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‘ [119] the cover of the redoubt mentioned, and of the woods and of a fence close by, and continued to advance upon him in the most gallant manner,’ and after describing how the Fifth North Carolina came gallantly up to support the Virginians' further advance, he adds: ‘This regiment, in conjunction with the Twenty-fourth Virginia, made an attack upon the vastly superior forces of the enemy, which for gallantry is unsurpassed in the annals of warfare. Their conduct was such to extort from the enemy himself the highest praise, but they were not supported by the other two regiments of the brigade. If they had been they would unquestionably have captured the enemy's artillery and routed his infantry. As it was the enemy was compelled to withdraw the most of his pieces from the field, and these two regiments did not give way notwithstanding the fearful odds against them, until ordered to retire by General Hill. * * * Colonel W. R. Terry, Lieutenant-Colonel Peter Hairston and Major Richard L. Maury, of the Twenty-fourth Virginia, all proved themselves eminently worthy of the positions held by them.’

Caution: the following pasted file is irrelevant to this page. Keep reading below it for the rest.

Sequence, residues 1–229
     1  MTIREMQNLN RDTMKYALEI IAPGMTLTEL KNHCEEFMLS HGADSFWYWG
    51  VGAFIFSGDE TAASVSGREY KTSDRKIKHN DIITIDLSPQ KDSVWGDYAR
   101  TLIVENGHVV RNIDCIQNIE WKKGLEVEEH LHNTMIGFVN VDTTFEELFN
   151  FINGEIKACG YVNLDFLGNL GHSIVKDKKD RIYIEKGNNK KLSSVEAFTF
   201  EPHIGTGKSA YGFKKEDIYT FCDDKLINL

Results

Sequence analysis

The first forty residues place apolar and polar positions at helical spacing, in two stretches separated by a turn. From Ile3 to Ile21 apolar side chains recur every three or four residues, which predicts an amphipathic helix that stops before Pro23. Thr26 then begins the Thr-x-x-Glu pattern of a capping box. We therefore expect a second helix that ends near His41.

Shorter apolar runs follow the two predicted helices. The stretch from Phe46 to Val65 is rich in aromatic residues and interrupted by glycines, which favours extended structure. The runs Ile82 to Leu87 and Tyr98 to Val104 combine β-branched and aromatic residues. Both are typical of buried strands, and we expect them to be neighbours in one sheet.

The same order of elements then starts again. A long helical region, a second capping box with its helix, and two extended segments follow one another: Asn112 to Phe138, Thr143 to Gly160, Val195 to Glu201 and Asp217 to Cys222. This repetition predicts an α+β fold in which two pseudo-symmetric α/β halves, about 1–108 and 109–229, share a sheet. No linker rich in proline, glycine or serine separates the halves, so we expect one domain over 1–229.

Colonel—now General—Bratton, on Longstreet's left, who witnessed the charge, says, many years after: ‘The Twenty-fourth Virginia, meantime, emerged from the wood nearer the enemy than my redoubt, and moved in fine style upon them. * * * * I have never, on any field, during the war, seen more splendid gallantry exhibited than on that field at Williamsburg.’ And a captain of Her Majesty's Scotch Fusileers, who was in Hancock's redoubt, and saw the charge, made himself known to Dr. George T. Harrison, surgeon of the Twenty-fourth, left at Williamsburg to attend the wounded, saying that he did so because he understood the Doctor belonged to the Twenty-fourth Virginia, and he desired to tell him that during his entire Crimean experience, he had never seen more gallantry displayed upon a field of battle.

Longstreet characterizes it as an impetuous assault upon the enemy's position, and only General Johnston is silent.

Nor were the foes unwilling to declare their admiration or to testify to the impression made upon them by these dashing soldiers.

General Hancock declared that they should have ‘immortal’ written upon their banner forever; and although he had, as already said, five regiments of infantry and ten guns—3,000 men in line, and a closed redoubt, he called loudly and frequently for reinforcements, which, to the extent of three brigades (Smith's two and Naglee's), General McClellan sent him immediately after his arrival from the rear. The latter considered this action the most important of the

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Williamsburg (Virginia, United States) (2)

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